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The Do’s and Don’ts of Transfer Applications

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This post is from a student, parent, or professional contributor. The opinions expressed by the author are their own and do not necessarily reflect the positions, viewpoints, or policies of Niche.

Transferring schools is like tackling a beast. From essays, sending transcripts, recommendations, and college reports, it can be an overwhelming process depending on how many schools you are applying to.

In this blog, I am going to be providing tips and tricks to help you successfully manage the transfer process.

DO your research on the schools

This tip may seem like an obvious one, but it is important to research not only the school itself but also the deadlines for application and financial aid. Typically, transfer deadlines are later during the academic year, around January-May, with some scattered in the summer at the latest.

It is important to take note of all deadlines, including priority deadlines, as these will offer the best chances for merit and need-based aid scholarships.

Make a list or a spreadsheet of all the deadlines, requirements, etc. that are needed for the individual schools. Colleges and universities have different requirements, so it is imperative to take note of what you need and when to submit it by.

DON’T talk badly about your previous institution(s)

While it is important to highlight your reason for transferring, talking badly about your current or previous institutions can be seen as unprofessional. One way to combat this is talking about what attracts you to their college. It can be their emphasis on undergraduate research, the program you are looking to participate in, and/or the extracurricular opportunities you hope to join.

Another way to combat this issue is discussing that your interests have changed and you are looking for more opportunities. For example, this can be that you are looking to pursue a different program or that you changed your major while in your current institution.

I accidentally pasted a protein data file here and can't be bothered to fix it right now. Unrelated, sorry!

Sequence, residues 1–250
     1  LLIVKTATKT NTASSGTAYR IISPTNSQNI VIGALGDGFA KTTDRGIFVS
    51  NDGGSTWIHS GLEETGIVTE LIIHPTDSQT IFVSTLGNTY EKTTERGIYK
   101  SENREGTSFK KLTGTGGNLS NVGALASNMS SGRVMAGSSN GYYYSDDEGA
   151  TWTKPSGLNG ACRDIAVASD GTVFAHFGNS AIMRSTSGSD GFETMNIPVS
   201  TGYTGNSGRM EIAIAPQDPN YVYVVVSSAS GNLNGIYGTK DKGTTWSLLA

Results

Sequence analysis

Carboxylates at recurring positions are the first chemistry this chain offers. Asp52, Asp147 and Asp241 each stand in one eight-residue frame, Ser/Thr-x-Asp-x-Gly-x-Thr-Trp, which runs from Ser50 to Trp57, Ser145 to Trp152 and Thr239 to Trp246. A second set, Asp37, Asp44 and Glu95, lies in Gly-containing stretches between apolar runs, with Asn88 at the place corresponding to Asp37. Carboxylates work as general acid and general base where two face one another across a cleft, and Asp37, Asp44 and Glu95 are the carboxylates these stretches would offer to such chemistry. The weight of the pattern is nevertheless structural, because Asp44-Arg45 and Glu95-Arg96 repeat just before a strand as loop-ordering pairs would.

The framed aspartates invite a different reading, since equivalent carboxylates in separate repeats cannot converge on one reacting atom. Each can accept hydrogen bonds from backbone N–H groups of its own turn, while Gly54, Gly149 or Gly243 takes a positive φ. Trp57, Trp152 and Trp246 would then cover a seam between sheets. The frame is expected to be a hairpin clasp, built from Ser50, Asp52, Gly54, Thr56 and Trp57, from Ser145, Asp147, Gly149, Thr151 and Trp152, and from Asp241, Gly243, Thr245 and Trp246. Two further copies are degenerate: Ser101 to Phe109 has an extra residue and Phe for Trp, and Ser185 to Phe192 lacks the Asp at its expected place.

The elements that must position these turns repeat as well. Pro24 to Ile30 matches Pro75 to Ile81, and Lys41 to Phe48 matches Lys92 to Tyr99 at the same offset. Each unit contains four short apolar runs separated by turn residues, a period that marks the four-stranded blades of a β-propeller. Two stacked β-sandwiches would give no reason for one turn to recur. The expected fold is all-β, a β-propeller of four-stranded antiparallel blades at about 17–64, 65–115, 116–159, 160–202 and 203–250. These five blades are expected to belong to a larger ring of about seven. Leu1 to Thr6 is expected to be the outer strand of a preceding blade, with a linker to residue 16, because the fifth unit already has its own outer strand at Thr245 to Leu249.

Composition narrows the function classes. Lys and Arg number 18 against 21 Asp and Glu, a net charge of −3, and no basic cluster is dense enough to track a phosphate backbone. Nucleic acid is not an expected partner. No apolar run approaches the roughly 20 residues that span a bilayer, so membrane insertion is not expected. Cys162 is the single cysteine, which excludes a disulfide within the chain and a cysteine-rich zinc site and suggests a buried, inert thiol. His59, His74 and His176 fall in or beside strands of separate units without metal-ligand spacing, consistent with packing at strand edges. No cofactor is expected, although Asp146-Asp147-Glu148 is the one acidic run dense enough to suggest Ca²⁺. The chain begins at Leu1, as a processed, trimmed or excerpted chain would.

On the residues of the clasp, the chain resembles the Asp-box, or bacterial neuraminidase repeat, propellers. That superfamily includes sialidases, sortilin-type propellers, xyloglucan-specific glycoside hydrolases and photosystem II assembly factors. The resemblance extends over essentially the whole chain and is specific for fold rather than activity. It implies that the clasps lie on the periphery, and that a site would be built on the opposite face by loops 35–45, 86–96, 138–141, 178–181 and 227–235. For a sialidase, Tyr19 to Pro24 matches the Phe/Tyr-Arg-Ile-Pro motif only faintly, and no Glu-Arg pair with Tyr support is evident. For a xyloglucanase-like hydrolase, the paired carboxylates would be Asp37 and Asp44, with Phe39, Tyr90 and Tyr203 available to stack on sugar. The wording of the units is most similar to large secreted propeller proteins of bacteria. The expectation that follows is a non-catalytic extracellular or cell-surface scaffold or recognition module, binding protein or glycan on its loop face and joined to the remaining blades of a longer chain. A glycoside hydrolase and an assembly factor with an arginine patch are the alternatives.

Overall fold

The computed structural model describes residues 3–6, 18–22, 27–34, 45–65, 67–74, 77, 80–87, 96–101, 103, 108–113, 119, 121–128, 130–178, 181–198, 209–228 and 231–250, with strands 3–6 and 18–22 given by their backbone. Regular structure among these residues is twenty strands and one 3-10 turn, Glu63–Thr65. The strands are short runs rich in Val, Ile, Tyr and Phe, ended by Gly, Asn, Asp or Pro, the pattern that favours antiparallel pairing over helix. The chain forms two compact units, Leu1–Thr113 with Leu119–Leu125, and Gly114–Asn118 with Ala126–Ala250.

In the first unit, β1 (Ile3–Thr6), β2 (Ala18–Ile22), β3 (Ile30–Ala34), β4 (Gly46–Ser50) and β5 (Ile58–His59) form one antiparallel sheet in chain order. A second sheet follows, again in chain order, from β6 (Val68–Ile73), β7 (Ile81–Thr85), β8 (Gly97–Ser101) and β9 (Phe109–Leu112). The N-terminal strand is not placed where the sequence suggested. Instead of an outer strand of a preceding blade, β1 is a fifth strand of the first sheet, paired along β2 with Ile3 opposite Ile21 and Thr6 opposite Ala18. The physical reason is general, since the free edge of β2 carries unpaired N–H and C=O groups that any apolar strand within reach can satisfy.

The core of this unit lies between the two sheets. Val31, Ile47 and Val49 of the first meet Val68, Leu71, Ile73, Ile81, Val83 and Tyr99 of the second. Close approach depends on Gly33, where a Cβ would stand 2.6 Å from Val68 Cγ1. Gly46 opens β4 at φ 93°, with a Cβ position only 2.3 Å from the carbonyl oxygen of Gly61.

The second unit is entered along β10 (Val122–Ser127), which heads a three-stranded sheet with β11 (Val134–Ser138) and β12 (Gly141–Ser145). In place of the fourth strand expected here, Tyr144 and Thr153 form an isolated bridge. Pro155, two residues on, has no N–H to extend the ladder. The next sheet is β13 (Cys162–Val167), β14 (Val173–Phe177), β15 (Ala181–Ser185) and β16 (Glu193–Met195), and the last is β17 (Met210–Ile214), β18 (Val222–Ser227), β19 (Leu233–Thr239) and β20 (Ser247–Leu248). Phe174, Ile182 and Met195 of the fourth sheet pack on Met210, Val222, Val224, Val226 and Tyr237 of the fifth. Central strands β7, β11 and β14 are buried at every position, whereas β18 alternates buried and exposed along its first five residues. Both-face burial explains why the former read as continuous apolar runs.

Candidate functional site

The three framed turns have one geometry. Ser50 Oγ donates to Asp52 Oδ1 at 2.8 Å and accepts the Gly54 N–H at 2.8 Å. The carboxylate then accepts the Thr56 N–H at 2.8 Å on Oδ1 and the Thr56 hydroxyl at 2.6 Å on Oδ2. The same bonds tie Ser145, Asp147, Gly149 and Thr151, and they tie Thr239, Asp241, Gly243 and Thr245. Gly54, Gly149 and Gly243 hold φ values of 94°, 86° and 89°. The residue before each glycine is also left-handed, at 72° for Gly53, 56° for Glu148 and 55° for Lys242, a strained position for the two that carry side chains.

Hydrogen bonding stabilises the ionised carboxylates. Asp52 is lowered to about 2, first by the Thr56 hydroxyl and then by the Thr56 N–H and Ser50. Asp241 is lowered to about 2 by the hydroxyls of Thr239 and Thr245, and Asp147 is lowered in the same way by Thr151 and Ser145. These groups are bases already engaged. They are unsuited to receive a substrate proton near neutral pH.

What To Know About Transferring Colleges

DO have recommendations with professors in your intended major

As recommendations play a role in any admissions process, it can be beneficial for transfer applicants to ask professors who are in your current major. If you are looking to go into the same program at a new university, having a professor that can speak on your passions, performance in your major classes, and overall involvement can help be a way to stand out in your application.

If the major you are intending to pursue is different from your current one, you can still ask professors who know you well in the classroom and can speak on your overall academic performance. 

DON’T rush your applications

Rushing through essays and applications is never the answer. Also, scrambling to find letters of recommendations a week before the deadline is not the way to go.

Give yourself enough time for each application and give it the attention it deserves. For letters of recommendation, I recommend having at least 3-4 professors and giving them at minimum four weeks before the deadline. Ideally, the sooner the better. 

While it is important to submit your applications if there is a priority deadline (which I highly recommend for the best chance for scholarship opportunities), it is important to not rush through an application for the sake of submitting it first.

Similarly, starting an application a week before the deadline with no recommendations or essays started will cause you immense stress and anxiety. Plan early and make sure to dedicate enough time to each application. 

DO take your time, it’s not a race

This goes along with the previous tip but taking your time to have your essays proofread and all your documentation sent and checked off will make your life a lot easier. There is no prize for submitting your application early if your essays are not proofread and no documentation has been sent out.

This is where creating a checklist and outlining a schedule is crucial. Having a plan to work on essays, send documentation, and make revisions can make the difference between a good application and a strong application.

Also, remember that while this is an incredibly stressful process, take time for yourself. Doing applications and essays all day, every day can burn you out and detract you from your schoolwork.

Take time away from the applications and focus on your schoolwork, but also schedule in time to have fun and do your hobbies.

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Author: Nicholas Enoch

Nicholas is a sophomore International Relations and Professional Writing major currently attending Goucher College in Towson, Maryland. He is a recent graduate from the Community College of Baltimore County where he received multiple full ride awards to colleges across Maryland. When he is not making content for Niche, he is busy learning 4 languages, binge watching TV shows on Hulu, and working out and trying new yoga exercises in his living room.